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Performance in Intel IOMeter

Database Patterns

In the Database pattern the disk array is processing a stream of requests to read and write 8KB random-address data blocks. The ratio of reads to writes is changing from 0% to 100% (stepping 10%) throughout the test while the request queue depth varies from 1 to 256.

We will be discussing graphs and diagrams but you can view the data in tabled format using the following links:

Everything is all right with the RAID0 and RAID10 arrays at a queue depth of 1. Deferred writing works properly, so every array boasts very good scalability of performance at writing depending on the number of disks in it. To remind you, a RAID10 should write as fast as a RAID0 built out of twice the number of disks because each mirror pair is writing data synchronously.

The RAID5 and RAID6 arrays have problems at a queue depth of 1 request. The arrays all perform in the same way (the degraded RAID6 are worse than the others, though) and are slower than the single disk. The controller seems to be processing data requests without caring to cache them. But why is there such a sudden performance growth at pure writing then? Does it mean that the controller’s firmware wakes up and tries to cache requests after all? If so, it does that inefficiently. Overall, this is a serious problem.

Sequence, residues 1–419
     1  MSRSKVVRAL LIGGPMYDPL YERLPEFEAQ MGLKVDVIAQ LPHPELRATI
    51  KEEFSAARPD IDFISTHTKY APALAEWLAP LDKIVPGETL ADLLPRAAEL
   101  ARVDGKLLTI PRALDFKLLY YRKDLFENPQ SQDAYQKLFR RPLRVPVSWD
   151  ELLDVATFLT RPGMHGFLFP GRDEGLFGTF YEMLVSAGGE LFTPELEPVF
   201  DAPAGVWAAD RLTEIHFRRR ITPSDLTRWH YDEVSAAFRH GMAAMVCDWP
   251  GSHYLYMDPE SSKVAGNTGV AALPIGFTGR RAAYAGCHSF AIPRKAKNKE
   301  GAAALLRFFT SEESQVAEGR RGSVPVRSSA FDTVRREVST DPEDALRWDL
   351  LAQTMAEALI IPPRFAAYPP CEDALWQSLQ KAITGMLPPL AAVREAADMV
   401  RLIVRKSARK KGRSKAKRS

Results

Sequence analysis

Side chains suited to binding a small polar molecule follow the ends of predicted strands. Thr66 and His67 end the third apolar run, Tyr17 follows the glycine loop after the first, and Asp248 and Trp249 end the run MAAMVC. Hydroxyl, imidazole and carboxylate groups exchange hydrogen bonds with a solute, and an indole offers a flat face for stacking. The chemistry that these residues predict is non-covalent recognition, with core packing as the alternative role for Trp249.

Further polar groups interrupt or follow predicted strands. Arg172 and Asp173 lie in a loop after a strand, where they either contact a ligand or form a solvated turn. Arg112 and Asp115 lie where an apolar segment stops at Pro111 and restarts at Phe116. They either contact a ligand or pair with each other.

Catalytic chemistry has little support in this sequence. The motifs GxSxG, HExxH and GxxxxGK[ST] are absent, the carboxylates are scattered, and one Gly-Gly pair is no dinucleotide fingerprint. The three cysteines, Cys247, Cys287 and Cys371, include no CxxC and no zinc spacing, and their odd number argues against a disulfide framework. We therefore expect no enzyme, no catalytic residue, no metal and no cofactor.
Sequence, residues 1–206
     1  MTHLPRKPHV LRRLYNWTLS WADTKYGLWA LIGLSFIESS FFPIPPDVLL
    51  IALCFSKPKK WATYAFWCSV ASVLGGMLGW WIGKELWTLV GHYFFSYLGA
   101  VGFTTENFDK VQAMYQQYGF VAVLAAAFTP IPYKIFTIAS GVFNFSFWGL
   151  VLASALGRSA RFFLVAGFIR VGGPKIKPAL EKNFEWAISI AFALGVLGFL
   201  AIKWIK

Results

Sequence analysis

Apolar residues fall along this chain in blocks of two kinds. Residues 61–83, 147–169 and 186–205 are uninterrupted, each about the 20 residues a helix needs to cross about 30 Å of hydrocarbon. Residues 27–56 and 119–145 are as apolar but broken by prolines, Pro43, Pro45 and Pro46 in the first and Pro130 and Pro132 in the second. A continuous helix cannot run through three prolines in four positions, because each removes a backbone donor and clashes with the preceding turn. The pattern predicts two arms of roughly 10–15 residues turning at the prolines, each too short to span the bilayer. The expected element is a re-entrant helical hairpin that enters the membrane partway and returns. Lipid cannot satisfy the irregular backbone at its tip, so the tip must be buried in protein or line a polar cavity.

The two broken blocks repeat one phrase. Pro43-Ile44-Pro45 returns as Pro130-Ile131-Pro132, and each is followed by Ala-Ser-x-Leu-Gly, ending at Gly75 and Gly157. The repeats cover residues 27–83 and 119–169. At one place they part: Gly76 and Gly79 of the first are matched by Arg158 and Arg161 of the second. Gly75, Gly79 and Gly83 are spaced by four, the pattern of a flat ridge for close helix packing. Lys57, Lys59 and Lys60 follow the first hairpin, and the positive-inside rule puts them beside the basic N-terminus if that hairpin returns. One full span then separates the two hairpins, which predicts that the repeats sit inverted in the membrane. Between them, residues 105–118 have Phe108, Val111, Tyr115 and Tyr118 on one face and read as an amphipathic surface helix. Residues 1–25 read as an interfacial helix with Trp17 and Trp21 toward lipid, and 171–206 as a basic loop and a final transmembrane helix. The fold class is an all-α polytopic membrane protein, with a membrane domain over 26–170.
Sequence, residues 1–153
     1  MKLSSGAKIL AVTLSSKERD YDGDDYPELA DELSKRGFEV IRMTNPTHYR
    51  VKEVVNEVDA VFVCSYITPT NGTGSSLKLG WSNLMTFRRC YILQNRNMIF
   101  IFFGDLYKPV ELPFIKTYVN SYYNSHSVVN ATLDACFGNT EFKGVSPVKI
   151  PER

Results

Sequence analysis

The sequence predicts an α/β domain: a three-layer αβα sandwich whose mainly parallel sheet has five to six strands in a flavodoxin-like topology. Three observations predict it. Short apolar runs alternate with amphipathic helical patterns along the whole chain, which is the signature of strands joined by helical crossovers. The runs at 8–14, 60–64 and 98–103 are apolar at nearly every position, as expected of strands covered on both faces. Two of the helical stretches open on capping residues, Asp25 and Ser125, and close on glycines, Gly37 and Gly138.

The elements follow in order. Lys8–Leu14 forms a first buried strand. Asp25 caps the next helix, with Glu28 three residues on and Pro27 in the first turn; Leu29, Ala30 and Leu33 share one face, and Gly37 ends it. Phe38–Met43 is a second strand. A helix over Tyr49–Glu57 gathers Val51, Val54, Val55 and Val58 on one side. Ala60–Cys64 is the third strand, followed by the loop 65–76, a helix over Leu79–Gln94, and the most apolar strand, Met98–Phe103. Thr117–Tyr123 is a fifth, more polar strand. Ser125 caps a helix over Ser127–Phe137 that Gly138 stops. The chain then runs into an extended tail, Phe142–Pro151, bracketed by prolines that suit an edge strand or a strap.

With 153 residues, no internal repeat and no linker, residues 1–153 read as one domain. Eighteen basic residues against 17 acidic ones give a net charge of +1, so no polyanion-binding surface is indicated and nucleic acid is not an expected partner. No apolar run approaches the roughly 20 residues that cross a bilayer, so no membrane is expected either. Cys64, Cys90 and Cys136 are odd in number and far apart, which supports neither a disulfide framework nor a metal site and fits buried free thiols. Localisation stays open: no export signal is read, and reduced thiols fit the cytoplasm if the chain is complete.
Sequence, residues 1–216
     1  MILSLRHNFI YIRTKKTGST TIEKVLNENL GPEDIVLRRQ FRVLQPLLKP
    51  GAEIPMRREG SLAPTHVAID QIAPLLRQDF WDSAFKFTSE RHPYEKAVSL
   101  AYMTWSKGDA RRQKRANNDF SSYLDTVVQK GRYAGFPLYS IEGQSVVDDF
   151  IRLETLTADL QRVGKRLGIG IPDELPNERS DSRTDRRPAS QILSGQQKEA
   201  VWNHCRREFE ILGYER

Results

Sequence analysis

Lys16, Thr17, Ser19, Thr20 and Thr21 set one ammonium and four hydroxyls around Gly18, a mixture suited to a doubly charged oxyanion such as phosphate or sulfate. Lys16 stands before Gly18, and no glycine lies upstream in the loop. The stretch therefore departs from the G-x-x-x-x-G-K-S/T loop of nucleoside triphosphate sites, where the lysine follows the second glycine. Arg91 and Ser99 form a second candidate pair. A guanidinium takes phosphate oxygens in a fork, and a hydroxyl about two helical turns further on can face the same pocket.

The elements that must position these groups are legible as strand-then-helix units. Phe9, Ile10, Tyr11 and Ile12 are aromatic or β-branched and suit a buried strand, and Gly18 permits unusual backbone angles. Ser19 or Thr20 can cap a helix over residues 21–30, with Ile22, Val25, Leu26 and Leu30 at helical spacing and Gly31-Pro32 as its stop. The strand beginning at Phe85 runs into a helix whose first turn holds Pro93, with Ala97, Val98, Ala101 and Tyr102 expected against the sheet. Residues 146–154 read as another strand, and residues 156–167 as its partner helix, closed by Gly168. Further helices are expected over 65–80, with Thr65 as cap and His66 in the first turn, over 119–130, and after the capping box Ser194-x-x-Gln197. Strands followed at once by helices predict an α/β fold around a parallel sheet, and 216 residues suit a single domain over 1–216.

When the queue is 16 requests long, the controller delivers a predictable performance growth and shows the specific behavior of its firmware with arrays of different types. For example, we can note that the controller can effectively choose what disk of a mirror pair can read the requested data faster. Thanks to that, the RAID10 arrays are ahead of the RAID0 ones at high percentages of reads. The degraded RAID10 is incapable of that. After the loss of a disk the controller stops to look for the “luckier” disk in a mirror couple (although it might do that in the healthy pairs).

The checksum-based arrays accelerate to normal level at reading but still have problems with writing. They write slowly, especially the degraded arrays. The healthy RAID5 and RAID6 built out of eight disks are also not fast enough for arrays based on disks with such a low response time as our Fujitsu MBA3073RC.

When the queue is 256 requests long, the degraded RAID10 is ahead of the 4-disk RAID0, save at pure writing. The driver seems to be looking for the luckier disk in the healthy mirror pairs at such long queue depths. Still, the performance hit of the degraded array in comparison with the healthy one is obvious at high percentages of reads.

In the second group of arrays all the degraded arrays look poor. Their performance is low at both reading and writing. The healthy RAID6 are no good, either. Even the 8-disk RAID6 is worse at writing than the single HDD.

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